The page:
Monday, April 04, 2016

Daily Dose of Literature: Robert Louis Stevenson

Robert Louis Stevenson Knox Series.jpg
Robert Louis Stevenson
Who doesn't love pirates?

Okay, maybe ninjas don't love pirates, but it's largely because of Robert Louis Stevenson that most of us love pirates. Stevenson was responsible for some of the most classic adventure and Gothic Romance (read: early horror) stories of the late 19th century and certainly deserves notice as one of the grandfathers of what we would eventually come to know as the pulps.

Robert Louis Stevenson was born in 1850 to a long line of lighthouse engineers, and his mother's family included gentry, physicians, preachers, and marine engineers. Young Robert was well educated both in formal schools and via private tutors, eventually entering the University of Edinburgh in 1867 to pursue engineering. This was a field he quickly discovered he had no interest in pursuing, eventually being attracted to the humanities: art, drama, and writing.

By 1873, Robert had surrounded himself with a circle of many important writers, including Andrew Lang, Edmund Gosse, and Leslie Stephen.  These people became exceptionally important to Robert, both in terms of his writing and his career as a writer. He spent most of the rest of his life traveling the world, attempting to settle both in the UK and the United States but never finding satisfaction in one place. He did eventually marry a woman named Fanny, a divorcee with two children of her own, but it wasn't until 1890 at the very end of his life that he finally settled down on an estate in Samoa.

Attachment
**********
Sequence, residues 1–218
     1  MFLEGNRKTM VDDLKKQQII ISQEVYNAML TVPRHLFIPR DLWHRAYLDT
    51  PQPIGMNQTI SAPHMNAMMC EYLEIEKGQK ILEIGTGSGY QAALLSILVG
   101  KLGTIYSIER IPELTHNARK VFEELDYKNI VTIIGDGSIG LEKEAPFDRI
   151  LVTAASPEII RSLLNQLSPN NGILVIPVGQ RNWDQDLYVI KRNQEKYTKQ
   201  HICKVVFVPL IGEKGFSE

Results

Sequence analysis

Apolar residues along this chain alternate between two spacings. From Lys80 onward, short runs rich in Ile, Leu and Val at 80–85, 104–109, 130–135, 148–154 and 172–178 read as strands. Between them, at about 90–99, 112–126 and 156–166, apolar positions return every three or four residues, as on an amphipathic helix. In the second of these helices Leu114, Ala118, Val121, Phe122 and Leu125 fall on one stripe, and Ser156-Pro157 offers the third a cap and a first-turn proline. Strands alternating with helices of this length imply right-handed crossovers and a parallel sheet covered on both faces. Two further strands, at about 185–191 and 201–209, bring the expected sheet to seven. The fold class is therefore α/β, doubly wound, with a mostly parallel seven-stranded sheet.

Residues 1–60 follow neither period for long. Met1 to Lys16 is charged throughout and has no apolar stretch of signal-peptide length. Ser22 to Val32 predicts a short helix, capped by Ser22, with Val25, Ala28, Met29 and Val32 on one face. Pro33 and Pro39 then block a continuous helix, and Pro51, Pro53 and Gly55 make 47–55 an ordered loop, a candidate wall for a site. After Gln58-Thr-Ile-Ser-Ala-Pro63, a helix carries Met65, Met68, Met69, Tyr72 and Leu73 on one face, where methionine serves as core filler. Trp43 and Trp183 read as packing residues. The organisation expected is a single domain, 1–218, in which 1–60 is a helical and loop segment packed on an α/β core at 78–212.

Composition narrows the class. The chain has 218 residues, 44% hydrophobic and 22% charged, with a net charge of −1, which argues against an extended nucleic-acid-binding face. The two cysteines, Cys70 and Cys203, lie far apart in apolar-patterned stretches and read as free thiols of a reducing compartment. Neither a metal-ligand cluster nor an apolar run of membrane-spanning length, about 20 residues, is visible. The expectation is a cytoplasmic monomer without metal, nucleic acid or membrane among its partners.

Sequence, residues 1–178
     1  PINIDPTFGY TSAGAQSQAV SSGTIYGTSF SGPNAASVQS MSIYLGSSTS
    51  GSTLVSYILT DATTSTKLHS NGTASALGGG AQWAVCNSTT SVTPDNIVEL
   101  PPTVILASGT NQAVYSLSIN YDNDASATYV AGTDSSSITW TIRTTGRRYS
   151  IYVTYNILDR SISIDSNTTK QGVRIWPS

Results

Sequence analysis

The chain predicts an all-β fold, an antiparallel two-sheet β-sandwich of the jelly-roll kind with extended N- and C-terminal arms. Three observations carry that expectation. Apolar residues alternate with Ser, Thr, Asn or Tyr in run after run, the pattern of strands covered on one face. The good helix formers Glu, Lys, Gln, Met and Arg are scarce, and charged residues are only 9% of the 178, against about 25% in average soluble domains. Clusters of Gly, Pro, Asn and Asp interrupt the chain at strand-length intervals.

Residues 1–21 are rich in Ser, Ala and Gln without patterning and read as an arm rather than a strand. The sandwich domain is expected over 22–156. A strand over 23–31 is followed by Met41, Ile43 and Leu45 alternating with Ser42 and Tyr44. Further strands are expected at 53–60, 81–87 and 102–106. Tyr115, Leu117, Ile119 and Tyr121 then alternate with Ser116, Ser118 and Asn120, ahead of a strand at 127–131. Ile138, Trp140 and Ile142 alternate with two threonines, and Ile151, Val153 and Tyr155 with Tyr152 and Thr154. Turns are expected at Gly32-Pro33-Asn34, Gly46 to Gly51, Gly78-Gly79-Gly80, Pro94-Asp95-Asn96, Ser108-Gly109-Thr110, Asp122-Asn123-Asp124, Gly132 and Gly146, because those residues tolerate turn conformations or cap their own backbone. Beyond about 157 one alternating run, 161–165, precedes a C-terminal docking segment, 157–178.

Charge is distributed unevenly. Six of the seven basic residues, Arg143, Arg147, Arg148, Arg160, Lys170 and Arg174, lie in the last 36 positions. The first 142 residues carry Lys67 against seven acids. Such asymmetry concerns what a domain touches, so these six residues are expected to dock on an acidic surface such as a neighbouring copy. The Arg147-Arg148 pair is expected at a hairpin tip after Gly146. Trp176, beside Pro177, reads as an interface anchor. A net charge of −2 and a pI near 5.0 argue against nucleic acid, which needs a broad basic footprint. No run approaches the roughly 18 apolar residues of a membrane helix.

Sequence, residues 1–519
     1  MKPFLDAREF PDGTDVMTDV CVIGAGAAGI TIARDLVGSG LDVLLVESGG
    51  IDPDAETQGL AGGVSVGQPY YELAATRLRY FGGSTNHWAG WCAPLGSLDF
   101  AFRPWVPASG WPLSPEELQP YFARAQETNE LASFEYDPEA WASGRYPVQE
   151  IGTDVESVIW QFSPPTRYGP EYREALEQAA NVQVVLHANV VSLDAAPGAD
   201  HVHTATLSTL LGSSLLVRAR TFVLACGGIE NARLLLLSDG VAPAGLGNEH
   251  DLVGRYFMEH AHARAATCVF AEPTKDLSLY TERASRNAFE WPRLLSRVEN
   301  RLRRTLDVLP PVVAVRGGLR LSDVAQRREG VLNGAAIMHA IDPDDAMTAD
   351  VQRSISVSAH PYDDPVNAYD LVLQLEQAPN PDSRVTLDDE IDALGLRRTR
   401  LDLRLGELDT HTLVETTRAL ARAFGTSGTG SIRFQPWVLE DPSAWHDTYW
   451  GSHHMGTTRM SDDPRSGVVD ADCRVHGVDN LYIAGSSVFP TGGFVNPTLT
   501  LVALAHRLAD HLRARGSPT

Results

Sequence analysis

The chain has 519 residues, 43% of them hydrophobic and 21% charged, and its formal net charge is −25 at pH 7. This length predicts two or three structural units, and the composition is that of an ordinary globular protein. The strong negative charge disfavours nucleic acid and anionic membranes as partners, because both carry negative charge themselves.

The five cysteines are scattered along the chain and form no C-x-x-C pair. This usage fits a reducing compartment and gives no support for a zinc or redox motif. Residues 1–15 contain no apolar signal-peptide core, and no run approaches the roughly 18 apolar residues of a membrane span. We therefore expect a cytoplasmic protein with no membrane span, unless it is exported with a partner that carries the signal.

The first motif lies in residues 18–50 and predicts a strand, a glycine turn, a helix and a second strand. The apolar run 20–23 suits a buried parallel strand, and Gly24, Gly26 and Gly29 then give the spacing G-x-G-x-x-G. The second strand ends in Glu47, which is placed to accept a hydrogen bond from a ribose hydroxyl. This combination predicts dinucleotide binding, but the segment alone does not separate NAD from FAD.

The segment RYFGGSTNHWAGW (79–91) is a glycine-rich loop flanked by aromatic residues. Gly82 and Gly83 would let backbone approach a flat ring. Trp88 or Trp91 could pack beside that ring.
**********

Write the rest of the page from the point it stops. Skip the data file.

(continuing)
Stevenson struggled with health issues his entire life, with notable failings in 1873 and 1879. In 1894, he died suddenly of a cerebral hemorrhage while trying to open a bottle of wine. His last words, spoken to his wife, were, "What's that? Does my face look strange?"

Stevenson left an important literary legacy. In addition to volumes of travelogues, letters and memoirs, he is probably best known for three novels: Kidnapped, The Strange Case of Dr. Jekyll and Mr. Hyde, and Treasure Island. The influence these works alone have had on popular literature cannot be understated--Treasure Island is the core influence for an entire genre of pirate stories that have arrived on the scene in the ensuing 150 years or so. Without it there would be no Errol Flynn and no Pirates of the Caribbean. Jekyll and Hyde, on the other hand, is the inspiration for a slew of works unto itself--where would the Incredible Hulk be without this tale?

In modern scholarship, Robert Louis Stevenson has been mentioned alongside such notable figures as H. Rider Haggard, Joseph Conrad, Henry James and Edgar Allen Poe.

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